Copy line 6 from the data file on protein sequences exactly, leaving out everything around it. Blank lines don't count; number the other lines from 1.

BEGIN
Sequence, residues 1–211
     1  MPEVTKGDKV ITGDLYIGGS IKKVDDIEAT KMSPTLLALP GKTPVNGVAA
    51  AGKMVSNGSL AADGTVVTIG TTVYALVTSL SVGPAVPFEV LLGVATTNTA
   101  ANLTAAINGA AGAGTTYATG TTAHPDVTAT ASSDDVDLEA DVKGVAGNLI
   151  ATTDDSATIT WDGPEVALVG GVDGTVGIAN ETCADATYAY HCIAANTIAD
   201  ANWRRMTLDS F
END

   201  ANWRRMTLDS F